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Unpacking the Italian Ban on Cultivated Meat: Debating the Economic and Environmental Consequences



A draft law banning cellular agriculture products and denying Italian consumers sustainable protein choices is under discussion by the Italian Council of Ministers.


If this law passes, it would be detrimental to Italy's economy and scientific advancements. It would cause consumer choice to be limited, despite 54% of Italians wishing to try cultivated meat. This ban contains inaccurate information and could prevent our agri-foods from becoming more sustainable while stopping Italian consumers from having extra protein options. Not only is it a poor policy, but it may also be unconstitutional. A better approach would be collaborating with organizations and examining how these innovations can fit into conventional agriculture to accomplish climate and food security targets.


Italy must catch up as the rest of Europe and the world progress towards a more secure and sustainable food system. The EU understood that a transition to resilient food production is necessary. However, this potential ban could obstruct Italy and the EU from leading this revolution and creating a dependable food supply in the face of poor supply chains, rising domestic and foreign shortages, and its prominence in the global agri-food industry - one of Europe's distinguished fields.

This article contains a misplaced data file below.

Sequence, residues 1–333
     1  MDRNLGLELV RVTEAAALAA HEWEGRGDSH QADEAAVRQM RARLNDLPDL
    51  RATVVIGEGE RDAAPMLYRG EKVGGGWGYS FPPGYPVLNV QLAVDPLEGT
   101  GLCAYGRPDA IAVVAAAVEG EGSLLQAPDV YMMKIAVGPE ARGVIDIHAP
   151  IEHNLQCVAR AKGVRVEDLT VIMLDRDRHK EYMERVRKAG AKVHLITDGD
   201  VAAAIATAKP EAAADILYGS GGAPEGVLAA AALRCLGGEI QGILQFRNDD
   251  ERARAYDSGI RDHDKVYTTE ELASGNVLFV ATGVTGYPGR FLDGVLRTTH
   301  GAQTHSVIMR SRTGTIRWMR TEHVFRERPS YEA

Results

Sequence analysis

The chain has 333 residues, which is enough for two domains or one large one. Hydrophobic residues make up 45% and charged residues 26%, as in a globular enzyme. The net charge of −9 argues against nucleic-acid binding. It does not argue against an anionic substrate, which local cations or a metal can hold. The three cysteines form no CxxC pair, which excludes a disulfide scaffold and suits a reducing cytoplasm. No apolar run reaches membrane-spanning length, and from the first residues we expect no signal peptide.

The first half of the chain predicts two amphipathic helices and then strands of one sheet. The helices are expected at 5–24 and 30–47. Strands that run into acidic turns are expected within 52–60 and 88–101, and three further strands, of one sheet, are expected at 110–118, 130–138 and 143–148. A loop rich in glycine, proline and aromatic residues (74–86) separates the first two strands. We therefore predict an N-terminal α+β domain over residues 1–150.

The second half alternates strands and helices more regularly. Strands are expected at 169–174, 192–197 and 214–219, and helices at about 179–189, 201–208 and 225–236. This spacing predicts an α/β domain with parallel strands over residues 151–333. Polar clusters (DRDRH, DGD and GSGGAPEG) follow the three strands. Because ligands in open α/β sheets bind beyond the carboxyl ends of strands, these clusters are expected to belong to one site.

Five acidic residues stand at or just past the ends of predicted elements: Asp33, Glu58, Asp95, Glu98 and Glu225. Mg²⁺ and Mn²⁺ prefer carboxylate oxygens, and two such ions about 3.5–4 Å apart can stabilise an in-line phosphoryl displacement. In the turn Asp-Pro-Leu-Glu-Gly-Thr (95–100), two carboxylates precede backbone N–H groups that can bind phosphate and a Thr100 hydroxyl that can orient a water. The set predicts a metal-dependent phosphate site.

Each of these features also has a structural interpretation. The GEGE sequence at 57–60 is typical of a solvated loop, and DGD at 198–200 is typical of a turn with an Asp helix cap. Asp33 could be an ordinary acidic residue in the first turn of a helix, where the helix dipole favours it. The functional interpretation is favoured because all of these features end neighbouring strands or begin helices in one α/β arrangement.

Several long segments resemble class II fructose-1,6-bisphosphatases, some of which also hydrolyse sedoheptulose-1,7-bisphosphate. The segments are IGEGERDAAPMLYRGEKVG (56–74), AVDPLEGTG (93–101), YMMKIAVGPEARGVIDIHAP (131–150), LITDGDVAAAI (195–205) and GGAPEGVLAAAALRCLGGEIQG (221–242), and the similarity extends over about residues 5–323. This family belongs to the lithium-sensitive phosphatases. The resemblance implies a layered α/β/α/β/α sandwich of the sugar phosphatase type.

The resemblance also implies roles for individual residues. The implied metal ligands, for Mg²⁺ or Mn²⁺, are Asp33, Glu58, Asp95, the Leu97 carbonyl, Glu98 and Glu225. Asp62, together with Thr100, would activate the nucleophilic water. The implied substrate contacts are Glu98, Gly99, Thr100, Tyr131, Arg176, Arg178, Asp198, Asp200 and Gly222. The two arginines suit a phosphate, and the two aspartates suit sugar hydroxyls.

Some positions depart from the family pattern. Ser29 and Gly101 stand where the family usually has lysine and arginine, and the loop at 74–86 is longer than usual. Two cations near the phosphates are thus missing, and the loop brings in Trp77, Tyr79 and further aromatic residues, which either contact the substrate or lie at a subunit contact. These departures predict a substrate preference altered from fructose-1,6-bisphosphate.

In order to break into the European Union (EU) market, food products must get the go-ahead from the European Commission following a comprehensive assessment by the European Food Safety Authority (EFSA). Receiving this approval is highly esteemed worldwide as a symbol of security; therefore, there is no need for Italian intervention since, once approved in Europe, consumers are guaranteed that products are safe. Furthermore, global bodies such as the US Food & Drug Administration and the Singapore Food Agency have also expressed their confidence in cultivated product applications, thus endorsing their safety.


Peer-reviewed research has shown that cultivated meat produces 92% fewer emissions than conventional beef. It could also reduce air pollution associated with meat production by up to 94% and use up to 90% less land – allowing us to use more sustainable farming practices to meet the growing demand for meat while protecting the environment.


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